Immunosuppressive therapy.

None of the patients in the PAH group received immunosuppressants during the followup period. Fourteen of the patients in the ILD-associated PH group received immunosuppressants during the course of followup (8 received prednisone alone, 1 received cyclophosphamide alone, 2 received a combination of prednisone and cyclophosphamide, and 3 received a combination of mycophenolate mofetil and cyclophosphamide).

Survival.

During a median observation period following the initial right heart catheterization of 4.4 years (range 2.7–7.4 years), 30 patients died and 3 underwent lung transplant. In the entire cohort, the actuarial 1-, 2-, and 3-year transplant-free survival rate was 86%, 68%, and 56%, respectively. Table 2 lists the effects of selected variables on survival in the univariable analysis. A diagnosis of ILD-associated PH was associated with a significantly increased risk of death (hazard ratio 2.87). Survival in this group at 1, 2, and 3 years was 82%, 46%, and 39%, compared with 87%, 79%, and 64%, respectively, in the PAH group (Figure 1). A lower DLCO was also associated with increased mortality. There was a strong trend toward reduced survival with increasing PVR index (P = 0.06). A weaker trend was observed for dcSSc. In the multivariable model, diagnosis remained a strong risk factor for mortality (Table 3). PVR index emerged as a significant predictor of survival, while DLCO and type of skin involvement were not significantly associated with survival.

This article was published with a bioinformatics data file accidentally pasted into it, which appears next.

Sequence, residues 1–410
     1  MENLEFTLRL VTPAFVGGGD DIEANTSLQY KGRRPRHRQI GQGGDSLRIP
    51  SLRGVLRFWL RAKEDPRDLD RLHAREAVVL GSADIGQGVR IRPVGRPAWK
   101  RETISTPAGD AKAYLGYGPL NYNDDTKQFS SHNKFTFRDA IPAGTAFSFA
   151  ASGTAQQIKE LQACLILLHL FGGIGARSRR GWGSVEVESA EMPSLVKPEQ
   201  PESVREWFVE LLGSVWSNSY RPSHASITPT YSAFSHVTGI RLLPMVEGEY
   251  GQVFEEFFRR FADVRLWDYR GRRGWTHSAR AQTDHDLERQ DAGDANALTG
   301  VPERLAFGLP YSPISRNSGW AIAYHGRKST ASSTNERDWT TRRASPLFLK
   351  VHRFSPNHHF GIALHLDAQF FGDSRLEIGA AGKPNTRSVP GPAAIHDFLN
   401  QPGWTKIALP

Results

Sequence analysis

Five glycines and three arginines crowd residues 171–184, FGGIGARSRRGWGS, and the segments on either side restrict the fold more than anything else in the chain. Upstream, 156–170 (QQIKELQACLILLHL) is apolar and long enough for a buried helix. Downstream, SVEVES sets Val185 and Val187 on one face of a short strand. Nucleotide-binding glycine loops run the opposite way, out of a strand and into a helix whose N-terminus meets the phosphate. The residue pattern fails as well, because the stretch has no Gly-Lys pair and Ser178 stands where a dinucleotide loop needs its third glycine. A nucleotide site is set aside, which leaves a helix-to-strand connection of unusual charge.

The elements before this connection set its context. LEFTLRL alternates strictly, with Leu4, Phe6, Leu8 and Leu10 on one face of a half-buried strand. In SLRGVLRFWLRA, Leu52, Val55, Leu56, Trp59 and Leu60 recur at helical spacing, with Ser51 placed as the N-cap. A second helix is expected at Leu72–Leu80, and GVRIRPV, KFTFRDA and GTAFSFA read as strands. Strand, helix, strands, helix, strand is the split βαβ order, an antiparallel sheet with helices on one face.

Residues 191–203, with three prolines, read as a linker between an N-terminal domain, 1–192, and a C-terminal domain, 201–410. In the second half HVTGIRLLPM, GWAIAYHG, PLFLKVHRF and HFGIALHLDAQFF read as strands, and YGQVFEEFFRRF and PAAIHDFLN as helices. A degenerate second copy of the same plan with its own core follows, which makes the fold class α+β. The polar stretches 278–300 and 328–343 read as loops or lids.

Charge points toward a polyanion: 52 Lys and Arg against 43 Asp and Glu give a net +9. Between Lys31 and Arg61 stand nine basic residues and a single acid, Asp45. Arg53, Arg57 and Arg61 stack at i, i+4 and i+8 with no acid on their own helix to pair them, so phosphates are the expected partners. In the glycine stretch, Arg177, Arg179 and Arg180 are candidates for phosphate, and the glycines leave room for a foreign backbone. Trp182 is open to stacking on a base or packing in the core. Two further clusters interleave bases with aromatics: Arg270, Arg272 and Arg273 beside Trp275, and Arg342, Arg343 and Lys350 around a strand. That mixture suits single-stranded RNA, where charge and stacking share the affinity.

Table 2. Univariable model of risk factors for mortality or transplant in the entire cohort*
 HR (95% CI)P
  • *

    HR = hazard ratio; 95% CI = 95% confidence interval; dcSSc = diffuse cutaneous systemic sclerosis (see Table 1 for other definitions).

Diagnosis of ILD vs. PAH2.87 (1.39–5.92)<0.01
Age1.00 (0.97–1.02)0.85
Duration of SSc prior to diagnosis of PH0.99 (0.95–1.04)0.73
dcSSc vs. lcSSc1.88 (0.88–4.01)0.10
Gastrointestinal tract severity score0.83 (0.48–1.44)0.51
Renal severity score1.23 (0.66–2.27)0.51
Myositis0.54 (0.13–2.26)0.40
African American vs. white or Asian race1.41 (0.60–3.28)0.42
Male vs. female sex1.33 (0.51–3.48)0.55
WHO class1.30 (0.79–2.13)0.29
Oxygen use1.59 (0.79–3.20)0.19
Warfarin use0.98 (0.49–1.95)0.95
Initial PAH therapy type1.03 (0.71–1.50)0.86
FVC, % predicted1.00 (0.98–1.01)0.54
FEV1, % predicted1.00 (0.98–1.02)0.89
TLC, % predicted0.99 (0.98–1.01)0.33
DLCO, % predicted0.97 (0.95–0.99)0.04
Right atrial pressure, mm Hg0.98 (0.92–1.05)0.64
Mean pulmonary artery pressure, mm Hg1.00 (0.97–1.03)0.97